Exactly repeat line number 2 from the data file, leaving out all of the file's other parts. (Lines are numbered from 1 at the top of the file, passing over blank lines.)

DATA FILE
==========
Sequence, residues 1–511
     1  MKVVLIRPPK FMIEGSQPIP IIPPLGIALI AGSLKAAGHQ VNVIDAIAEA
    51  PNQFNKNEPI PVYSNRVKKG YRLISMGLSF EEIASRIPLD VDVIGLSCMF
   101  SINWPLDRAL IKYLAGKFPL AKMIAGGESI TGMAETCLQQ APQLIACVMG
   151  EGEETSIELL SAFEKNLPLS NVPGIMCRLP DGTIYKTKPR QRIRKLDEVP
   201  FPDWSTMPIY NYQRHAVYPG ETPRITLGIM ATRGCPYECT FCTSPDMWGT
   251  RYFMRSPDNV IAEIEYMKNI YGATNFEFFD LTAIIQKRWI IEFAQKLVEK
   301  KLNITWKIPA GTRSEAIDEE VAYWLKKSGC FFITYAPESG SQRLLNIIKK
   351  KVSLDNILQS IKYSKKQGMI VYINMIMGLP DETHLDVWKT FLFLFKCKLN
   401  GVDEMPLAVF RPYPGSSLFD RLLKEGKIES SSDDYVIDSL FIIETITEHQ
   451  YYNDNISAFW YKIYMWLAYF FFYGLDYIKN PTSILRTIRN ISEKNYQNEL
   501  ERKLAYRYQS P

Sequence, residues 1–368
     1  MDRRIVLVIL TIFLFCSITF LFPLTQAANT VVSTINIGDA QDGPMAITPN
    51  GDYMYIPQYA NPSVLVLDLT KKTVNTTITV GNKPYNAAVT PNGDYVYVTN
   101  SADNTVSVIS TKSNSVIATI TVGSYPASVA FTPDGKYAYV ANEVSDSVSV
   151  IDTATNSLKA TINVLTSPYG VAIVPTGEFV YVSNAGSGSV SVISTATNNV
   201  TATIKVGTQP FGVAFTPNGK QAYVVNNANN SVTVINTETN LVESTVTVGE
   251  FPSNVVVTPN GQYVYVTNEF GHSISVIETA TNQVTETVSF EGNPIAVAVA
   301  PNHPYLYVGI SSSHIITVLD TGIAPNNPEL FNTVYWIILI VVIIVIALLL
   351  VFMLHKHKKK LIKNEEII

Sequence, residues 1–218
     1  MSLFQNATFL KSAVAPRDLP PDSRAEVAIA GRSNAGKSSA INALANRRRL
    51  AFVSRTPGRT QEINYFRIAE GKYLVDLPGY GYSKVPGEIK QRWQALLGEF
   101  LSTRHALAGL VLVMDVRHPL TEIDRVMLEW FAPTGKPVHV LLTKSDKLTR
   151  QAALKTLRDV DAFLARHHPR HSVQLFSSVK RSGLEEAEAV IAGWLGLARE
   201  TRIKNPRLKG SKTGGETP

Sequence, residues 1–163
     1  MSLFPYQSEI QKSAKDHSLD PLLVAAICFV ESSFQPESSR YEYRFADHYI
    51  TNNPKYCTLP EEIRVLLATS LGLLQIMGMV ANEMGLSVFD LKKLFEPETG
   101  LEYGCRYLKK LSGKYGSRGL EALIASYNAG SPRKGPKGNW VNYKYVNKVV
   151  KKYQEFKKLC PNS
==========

     1  MKVVLIRPPK FMIEGSQPIP IIPPLGIALI AGSLKAAGHQ VNVIDAIAEA